A Corrosive Enemy
Historic and modern organs share a common enemy: corrosion. In a surprise turnaround, scientists have discovered that the primary source of pipe corrosion is not industrial pollution, as was long thought, but the organs themselves.
Or more precisely, the acid contained in organ wood. As Catherine Oertel, assistant professor of chemistry at Oberlin College, explains, wood acid causes pipe corrosion in two ways.
First, by direct contact of pipe metal with wood, which is why the pipe racks for Cornell’s organ pipes were charred before the pipes were inserted, neutralizing the acid transfer.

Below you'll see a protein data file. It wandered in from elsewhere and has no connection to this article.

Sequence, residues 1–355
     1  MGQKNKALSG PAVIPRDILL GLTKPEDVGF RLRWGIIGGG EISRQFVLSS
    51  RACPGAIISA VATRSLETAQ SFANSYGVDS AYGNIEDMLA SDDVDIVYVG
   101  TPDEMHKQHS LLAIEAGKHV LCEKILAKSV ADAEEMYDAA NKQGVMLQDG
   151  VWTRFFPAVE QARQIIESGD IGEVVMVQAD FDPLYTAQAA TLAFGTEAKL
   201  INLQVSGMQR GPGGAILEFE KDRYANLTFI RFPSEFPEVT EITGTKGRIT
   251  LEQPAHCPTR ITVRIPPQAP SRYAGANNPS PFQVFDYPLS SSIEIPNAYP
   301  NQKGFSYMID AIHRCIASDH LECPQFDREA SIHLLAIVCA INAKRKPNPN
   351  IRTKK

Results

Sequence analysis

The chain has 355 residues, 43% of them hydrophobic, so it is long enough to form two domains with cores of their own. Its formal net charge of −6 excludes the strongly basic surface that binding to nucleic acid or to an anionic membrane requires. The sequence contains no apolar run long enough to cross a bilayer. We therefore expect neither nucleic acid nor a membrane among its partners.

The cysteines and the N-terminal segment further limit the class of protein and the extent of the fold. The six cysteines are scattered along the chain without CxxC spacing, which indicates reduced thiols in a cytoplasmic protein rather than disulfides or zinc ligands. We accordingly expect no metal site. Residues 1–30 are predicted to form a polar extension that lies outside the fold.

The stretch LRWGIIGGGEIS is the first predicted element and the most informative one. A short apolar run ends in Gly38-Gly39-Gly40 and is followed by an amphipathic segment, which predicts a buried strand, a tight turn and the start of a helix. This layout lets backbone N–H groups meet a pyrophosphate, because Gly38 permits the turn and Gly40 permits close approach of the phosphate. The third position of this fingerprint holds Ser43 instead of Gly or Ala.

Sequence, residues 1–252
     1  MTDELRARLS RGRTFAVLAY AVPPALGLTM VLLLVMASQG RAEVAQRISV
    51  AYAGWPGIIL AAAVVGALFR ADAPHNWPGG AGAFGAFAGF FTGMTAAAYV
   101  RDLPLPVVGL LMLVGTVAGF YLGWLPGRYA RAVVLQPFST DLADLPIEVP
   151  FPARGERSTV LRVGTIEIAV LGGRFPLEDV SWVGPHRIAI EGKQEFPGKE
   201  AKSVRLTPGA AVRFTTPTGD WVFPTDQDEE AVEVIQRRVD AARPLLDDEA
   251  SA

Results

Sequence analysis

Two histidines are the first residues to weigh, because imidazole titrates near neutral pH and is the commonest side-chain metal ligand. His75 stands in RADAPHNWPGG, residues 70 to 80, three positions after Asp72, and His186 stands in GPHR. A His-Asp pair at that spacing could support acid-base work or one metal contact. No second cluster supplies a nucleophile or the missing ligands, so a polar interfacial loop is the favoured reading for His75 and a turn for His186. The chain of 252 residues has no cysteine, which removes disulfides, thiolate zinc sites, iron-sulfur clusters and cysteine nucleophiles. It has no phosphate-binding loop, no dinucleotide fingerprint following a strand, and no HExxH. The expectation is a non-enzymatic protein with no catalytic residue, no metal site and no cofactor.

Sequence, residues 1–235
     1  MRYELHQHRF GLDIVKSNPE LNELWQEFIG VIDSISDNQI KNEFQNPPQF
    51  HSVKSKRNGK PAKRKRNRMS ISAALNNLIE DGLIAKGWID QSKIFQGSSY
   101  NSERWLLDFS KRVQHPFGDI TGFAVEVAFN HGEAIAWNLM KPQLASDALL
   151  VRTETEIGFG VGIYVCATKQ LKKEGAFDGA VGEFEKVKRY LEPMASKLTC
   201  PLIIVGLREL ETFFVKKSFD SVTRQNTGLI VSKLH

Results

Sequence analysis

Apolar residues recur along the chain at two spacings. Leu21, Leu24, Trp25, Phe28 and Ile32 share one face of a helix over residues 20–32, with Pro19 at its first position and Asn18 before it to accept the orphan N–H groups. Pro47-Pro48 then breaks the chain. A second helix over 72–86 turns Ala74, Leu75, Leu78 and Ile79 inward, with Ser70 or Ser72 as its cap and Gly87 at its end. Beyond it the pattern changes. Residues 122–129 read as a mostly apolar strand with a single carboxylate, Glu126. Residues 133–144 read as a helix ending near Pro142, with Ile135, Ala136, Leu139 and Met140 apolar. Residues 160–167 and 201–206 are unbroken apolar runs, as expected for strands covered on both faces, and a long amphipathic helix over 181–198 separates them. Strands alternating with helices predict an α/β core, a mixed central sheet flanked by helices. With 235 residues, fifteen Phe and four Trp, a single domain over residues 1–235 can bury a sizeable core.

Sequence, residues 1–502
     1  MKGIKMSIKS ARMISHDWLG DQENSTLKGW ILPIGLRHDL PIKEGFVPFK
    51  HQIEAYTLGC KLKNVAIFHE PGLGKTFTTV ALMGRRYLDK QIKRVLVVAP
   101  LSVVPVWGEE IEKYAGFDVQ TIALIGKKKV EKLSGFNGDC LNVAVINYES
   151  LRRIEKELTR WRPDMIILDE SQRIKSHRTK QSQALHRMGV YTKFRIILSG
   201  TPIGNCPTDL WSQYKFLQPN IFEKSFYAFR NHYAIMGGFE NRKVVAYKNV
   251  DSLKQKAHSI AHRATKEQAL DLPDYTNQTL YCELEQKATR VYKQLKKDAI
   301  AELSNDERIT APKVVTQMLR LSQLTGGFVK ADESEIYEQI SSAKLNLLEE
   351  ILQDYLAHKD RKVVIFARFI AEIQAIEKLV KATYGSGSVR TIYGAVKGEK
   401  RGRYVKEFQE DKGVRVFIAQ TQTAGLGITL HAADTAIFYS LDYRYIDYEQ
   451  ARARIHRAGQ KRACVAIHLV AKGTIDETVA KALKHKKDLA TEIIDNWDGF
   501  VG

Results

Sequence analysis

But wood also excretes acid into the air in what Oertel calls “a vapor mediated process.” The acid thus gets into the bellows area and the wind channels where the air collects before moving into the pipes.
Oertel studied the problem of pipe corrosion as a post-doc at Cornell, collaborating with corrosion chemists at the Chalmers University of Technology in Sweden. She used high-power microscopes in Cornell’s nanofabrication facilities to study how different compositions of metal alloys affect corrosion rates. She found that even a small amount of added tin can reduce the susceptibility of pipes to corrosion, and that this protective effect is extremely sensitive to humidity.
Cutting-edge technology may prove corrosion’s undoing: Oertel says scientists are experimenting with nanoparticle coatings that have a basic pH, which could neutralize the acid as it’s emitted, eliminating corrosion invisibly.